President: Toby Clark esq.
Newsletter No. 2003/2 April 2003
This newsletter is published for the dissemination of information and is copyright ©WSG 2003. Articles are the copyright of the respective authors. If you wish to reproduce any part, please include the source. Opinion expressed is that of the author and not necessarily that of the WSG.
Headquarters - Caerllwyn Cottage, Halt Road, Rhigos, ABERDARE. CF44 9UW Tel:01685 811080 Website: http://www.wsg.org.uk
The Club meets on first and third Tuesday of the month at: Ship & Shovell bar, Craven Passage WC2. (Off Villiers Street under Charring Cross station) Normally from 7:45pm onwards.
Left: - Box Stone Mines - Combined WSG/ICCC meet. Photo - Steve Weston. (Click to enlarge in new window).
Editorial: This newsletter is, of course, later than planned in order to include some stuff from the AGM. There's also a lot of stuff from Toby Clark about the 18th hole and the upper Hepste. If you've stuff you'd like to see in the newsletter, let me have it! Cheers, Graham.
The caving calendar is on the main WSG website. Follow 'Club Meets' and 'Online Diary'. Members can access further information from the 'Members Only' part of the website. Follow 'Diary Dates' to check it out or 'Club Diary' to make changes/bookings for events.
Contact mail addresses for the club officers can be found on the main website under 'Contacts'.
The cottage can be booked on line ... click 'Cottage' then click 'Book Cottage'. There is also a multimap button to locate Caerllwyn.
Index to content:
Tunnel Cave - Fixed Aids
News from Abroad
The Virtual Logbook
Hidden Earth 2003
Pwll Pindar - Opening a second Front to the PMMS. - Toby Clark.
An Essay from one of Sarah's Daughters
A Bit More on LED's For Caving Lamps - Graham Adcock.
Air movement - Pwll Pindar boulder choke. - Toby Clark.
Pant Mawr Master System - a comparison with OFD. Toby Clark.
Martin McGowan has moved and now resides at Flat 6, Newnum House, 2 Shenfield Rd, Brentwood. His contact details are on the website.
Toby Clark is looking for good pictures of Pwll Pindar for a 'Descent' article.
Well done to Sarah Payne who recently completed the WBCRT Advanced First Aid course and thoroughly recommends it. Sarah also wishes to point out that there are forms to be filled out by members to let WBCRT know about out individual commitment to cave rescue and knowledge of the welsh systems. Sarah has suggested we would all benefit from brushing up on first aid skills and for homework, read the article in the current 'Descent' about hypothermia.
Court Circular… Congratulations to Tim and Pauline Barter on the birth of Bruce Adam Barter born 9th March 2003. Bruce attended his first AGM this year…The Grow-a Caver scheme continues…
News from the Hoopers…
Dear all, just wanted to say hi and let you know that things up here in the Lakes couldn't be any better! My new job with Go Ape! (I'm a high ropes/outdoor ed instructor) is more than I could ever have hoped for! Also wanted to let you know that I don't really use e-mail anymore so if you want to get in touch could you either phone me on 07812 995 653 or write to me at 40 Limethwaite Road, Windermere, Cumbria, LA23 2BQ. Sorry to be a traditionalist but I prefer using good old Royal Mail. Hope you're all having as much fun as I am. Adi.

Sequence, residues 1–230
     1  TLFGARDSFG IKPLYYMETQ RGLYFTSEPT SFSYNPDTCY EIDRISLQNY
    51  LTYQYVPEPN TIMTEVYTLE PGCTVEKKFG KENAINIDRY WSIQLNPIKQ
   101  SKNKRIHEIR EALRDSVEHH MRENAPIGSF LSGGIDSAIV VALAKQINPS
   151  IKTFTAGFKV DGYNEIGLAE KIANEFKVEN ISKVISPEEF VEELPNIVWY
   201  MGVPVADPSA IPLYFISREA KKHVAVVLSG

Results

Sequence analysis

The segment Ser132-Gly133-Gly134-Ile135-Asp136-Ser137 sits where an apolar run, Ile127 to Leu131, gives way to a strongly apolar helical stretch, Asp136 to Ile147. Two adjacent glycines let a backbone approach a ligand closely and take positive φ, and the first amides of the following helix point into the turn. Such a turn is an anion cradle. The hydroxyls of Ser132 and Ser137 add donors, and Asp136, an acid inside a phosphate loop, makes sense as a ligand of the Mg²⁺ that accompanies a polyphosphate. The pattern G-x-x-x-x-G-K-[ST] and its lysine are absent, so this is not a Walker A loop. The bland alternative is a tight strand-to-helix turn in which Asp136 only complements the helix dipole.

And from James… Greetings from Siberia (Irkutsk)! After a few days in Moscow, I spent three days and four nights on the train, arriving here 3 days ago. The last three days have been spent walking around (and on!) the frozen Lake Baikal (60km south east from here). (I stayed with a Russian family, enjoying the food, vodka, traditional sauna etc.) I've now got my train ticket to Ulaan Baatar in Mongolia, leaving this evening for another relaxing 36 hours on the train. All's well - no problems at all (unless you count hangovers, sore feet etc). Hope the AGM was a good craic, and that lots of decent caving and drinking got done, See you when I see you, James.
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From Duncan Minty… I met up with an old member of WSG recently, under circumstances, the coincidence of which is pretty amazing. I was running in one of the main orienteering events of the year recently and in the last third of my course, I noticed this older guy running what seemed to be virtually the same course as me, and making some interesting navigational choices. So I kept a half eye on him and over the remaining third of the course, I trailed him (he was a fast runner) until the last control, when he made an error and I didn't, so I got to the finish 30 seconds ahead of him. We compared routes and set off to the download tent (to download our stage times from the electronic widget we carry). At the download tent they confirm your name and when I heard his, I thought, hmmm, that his name and he's in such and such a club, which means he's from the Basingstoke area, so I wonder if he's that same person who was secretary of WSG about 40 years ago. Anyway, as it turned out, it was, Andy McGregor, ex WSG and ex BEC, an entirely non-caver now and a pretty good orienteer. To be running on the same day, on the same course, at roughly the same time, using roughly the same navigation choices and finishing at roughly the same time, and to find out what the others' names were, is, well lets say, I don't expect it to happen again. Adios, Doooncano.